Bringing your school catering in-house can have benefits for your school finances while at the same time creating a better experience for students

Why would a school want to organize its own catering in-house? Surely the whole business of feeding students is time-consuming, complicated, fraught with health and safety regulations and simply not worth the hassle when your local authority will do it for you?

You are probably correct to be skeptical if your local authority already provides a quality service, meeting the needs of all your students at an acceptable cost. However if that is not the case, going it alone can offer significant benefits in terms of:

  • cost savings
  • efficiency of the operation
  • increased control.

So what caused the governors of my previous school to move away from the local authority’s meals provision? Well, they looked into the possibility of gaining the benefits above, with surprising results.

Cost savings

The cost of the service level agreement with our local authority (LA) was in the order of £81,000 per annum, mirroring very closely the amount of funding delegated for the provision of school meals. By going it alone, we accessed the same level of funding but managed to reduce our expenditure to around £66,000 per annum, saving about £15,000.

Some of these savings were effected by a reduction in staffing costs. The main drawback of the LA’s staffing system, from a financial viewpoint, was that staffing levels remained constant throughout the school year, irrespective of the volume of meals being produced. However, it was very simple to establish that during the summer term, around 30% less meals were being cooked, resulting in surplus staffing levels being maintained at such times.

Our answer was, therefore, to establish a nucleus of permanent staff, with their numbers based on the summer term’s volumes, with additional temporary or casual staff being recruited when necessary. The initial staffing reduction was effected via natural wastage, with staff who resigned over the months not being replaced.

One of the smartest moves we made was to forge a partnership with the Pelican Buying Company – their free service includes sourcing the best prices for your catering requirements, everything from fresh fruit to fat fryers! Their website is well worth checking out.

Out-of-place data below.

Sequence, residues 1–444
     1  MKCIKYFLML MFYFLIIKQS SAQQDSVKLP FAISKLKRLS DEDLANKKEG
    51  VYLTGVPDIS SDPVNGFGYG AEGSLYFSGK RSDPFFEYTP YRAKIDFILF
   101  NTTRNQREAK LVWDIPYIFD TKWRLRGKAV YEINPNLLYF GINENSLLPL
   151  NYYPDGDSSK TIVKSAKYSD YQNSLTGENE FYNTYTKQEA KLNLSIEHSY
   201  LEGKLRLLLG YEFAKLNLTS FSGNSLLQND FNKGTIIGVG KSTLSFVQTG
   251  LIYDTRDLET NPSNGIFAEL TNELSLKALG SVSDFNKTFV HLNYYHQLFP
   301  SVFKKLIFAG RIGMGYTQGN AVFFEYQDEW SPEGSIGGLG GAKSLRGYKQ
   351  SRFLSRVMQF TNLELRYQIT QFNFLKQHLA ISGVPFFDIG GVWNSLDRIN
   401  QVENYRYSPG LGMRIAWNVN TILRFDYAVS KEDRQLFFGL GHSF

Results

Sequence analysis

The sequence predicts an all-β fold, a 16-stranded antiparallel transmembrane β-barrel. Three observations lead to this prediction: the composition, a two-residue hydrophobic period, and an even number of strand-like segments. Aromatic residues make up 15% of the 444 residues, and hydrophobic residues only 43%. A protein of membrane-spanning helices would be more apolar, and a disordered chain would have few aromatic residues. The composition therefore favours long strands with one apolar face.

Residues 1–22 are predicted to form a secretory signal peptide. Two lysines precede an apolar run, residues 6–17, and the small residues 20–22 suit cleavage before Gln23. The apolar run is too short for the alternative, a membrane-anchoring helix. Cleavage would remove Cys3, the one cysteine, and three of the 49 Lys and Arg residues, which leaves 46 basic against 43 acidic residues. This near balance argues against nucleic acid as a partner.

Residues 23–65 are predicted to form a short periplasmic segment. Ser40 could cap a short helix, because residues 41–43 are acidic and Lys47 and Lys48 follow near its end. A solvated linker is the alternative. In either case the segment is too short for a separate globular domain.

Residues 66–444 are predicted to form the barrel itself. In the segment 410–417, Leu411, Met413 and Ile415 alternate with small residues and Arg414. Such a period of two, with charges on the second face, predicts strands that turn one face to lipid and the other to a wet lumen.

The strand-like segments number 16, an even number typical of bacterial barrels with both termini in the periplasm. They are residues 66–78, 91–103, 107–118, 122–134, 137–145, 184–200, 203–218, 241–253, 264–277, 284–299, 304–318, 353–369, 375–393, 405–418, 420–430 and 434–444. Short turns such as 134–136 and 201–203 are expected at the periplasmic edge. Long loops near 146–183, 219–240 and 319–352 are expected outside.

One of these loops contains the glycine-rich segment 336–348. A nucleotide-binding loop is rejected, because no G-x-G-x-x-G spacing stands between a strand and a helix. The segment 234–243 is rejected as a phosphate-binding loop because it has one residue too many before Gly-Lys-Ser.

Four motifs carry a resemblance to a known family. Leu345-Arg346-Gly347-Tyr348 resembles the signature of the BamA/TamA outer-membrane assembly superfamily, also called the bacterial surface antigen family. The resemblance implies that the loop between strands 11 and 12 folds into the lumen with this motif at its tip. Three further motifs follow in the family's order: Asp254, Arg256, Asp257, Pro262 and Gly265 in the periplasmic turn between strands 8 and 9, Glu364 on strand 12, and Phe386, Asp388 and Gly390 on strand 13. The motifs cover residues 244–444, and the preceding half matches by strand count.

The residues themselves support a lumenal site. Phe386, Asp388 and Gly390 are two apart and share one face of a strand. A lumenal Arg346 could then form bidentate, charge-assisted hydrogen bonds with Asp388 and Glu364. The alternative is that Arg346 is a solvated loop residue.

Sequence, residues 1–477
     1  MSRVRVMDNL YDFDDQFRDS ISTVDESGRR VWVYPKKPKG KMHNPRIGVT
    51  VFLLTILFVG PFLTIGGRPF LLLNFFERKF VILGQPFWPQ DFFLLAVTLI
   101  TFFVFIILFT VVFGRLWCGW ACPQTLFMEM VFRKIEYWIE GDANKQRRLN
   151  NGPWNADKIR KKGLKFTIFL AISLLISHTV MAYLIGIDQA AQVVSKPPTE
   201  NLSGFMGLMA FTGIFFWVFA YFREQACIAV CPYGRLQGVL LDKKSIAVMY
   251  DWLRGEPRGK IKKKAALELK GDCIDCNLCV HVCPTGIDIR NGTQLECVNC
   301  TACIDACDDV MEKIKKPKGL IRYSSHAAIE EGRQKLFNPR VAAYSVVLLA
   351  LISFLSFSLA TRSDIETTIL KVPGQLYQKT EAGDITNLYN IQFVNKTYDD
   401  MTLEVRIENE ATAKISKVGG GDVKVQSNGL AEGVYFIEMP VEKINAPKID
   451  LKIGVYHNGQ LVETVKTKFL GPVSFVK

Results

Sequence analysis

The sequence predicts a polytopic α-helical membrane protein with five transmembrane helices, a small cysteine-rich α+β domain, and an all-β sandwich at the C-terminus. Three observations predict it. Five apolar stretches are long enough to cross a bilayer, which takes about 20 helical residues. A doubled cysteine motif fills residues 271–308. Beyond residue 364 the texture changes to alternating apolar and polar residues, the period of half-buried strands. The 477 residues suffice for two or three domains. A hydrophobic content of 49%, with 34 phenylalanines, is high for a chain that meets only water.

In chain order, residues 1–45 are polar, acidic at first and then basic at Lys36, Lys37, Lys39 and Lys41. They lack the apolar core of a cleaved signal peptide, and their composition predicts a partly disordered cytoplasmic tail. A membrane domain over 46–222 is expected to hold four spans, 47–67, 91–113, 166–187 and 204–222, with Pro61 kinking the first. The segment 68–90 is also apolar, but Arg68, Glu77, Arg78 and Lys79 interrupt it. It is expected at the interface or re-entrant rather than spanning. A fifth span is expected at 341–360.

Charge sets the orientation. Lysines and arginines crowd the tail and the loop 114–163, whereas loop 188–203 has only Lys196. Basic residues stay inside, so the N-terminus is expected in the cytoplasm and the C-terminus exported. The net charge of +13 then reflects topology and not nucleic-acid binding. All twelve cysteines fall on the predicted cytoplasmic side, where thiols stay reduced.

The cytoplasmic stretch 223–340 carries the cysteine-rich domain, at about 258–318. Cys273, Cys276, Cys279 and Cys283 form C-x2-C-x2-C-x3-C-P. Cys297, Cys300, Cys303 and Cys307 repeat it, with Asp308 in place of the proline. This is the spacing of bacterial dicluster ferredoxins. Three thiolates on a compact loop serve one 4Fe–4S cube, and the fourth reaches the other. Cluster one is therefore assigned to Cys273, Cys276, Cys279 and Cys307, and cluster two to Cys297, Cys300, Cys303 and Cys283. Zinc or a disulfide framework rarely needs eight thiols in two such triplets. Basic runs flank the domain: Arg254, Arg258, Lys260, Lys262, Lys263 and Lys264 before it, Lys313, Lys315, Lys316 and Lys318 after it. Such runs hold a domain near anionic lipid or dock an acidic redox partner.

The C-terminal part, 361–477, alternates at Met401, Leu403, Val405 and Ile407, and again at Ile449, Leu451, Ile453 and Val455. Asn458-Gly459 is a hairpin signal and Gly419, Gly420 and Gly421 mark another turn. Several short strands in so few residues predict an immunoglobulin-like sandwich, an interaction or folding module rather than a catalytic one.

Apart from keeping costs down, it is of course essential to maximize your income. In this respect, it is no different to any other business – you need to get as many ‘customers’ through the door as possible! The most effective way to do this is by creating a menu which is affordable, tasty and nutritious. We did exactly this, and boosted the uptake even further by giving the students incentives for staying at school for dinners. As an example, one month we ran a raffle: every student who spent over £10 in the canteen during the month was entered into a prize draw. The winner won a state of the art iPod. This was such a ‘cool’ prize that uptake of school meals rose by around 10% during that month!

Efficiency of operation

The biggest problem that we faced as far as catering was concerned was that we had to get 1,500 students fed in our 50-minute lunch break and this just was not happening, certainly not without students having to rush their meals and sometimes miss the start of afternoon lessons. We could, of course, have extended the length of the lunch period but my view is that the needs of the students should drive the catering arrangements, not vice-versa.

So instead we:

  • introduced a fast-track till, servicing students who were buying just sandwiches or cold snacks
  • revamped the seating arrangements in the canteen, maximizing the use of the space available
  • introduced a pre-ordering system for staff and sixth-form students. They complete a simple form and hand it in before 11:00 am – this ensures that their order will be ready at lunchtime, with no need to queue!

Increased control

Managing our catering in-house gave us great opportunities for innovation, which included the following measures:

  • One of the first things that we did was to consult with our students, parents and governors about what should be available on the menu. Put simply, we asked them what they wanted, within the bounds of healthy eating guidelines and cost constraints.
  • We were able to dovetail our catering arrangements with other activities within the school. As an example, we held an ‘International Week’. On the Monday, all the menus were printed in French and we encouraged the students to order their food in that language and only speak French to each other in the dining area! Of course, English translations of the menu were available – or else total chaos might have ensued – but the result was that a great deal of fun was had by all and the event did no harm to our students’ language skills.
  • We included the catering staff in our staff performance review scheme. This was a great move – apart from motivating the staff, because they realized that managers were now taking an interest in them, the review meetings themselves were very revealing, as many staff had excellent ideas, but previously had had no ‘platform’ to air them.
  • As the catering staff are now under the school’s direct management, it is possible to identify training needs quickly and respond to those needs. An example of this is basic food hygiene training. Rather than send staff away on this course, we trained our head cook to be a trainer herself. The result: new staff got top quality training and a basic food hygiene certificate – both within hours of starting the job.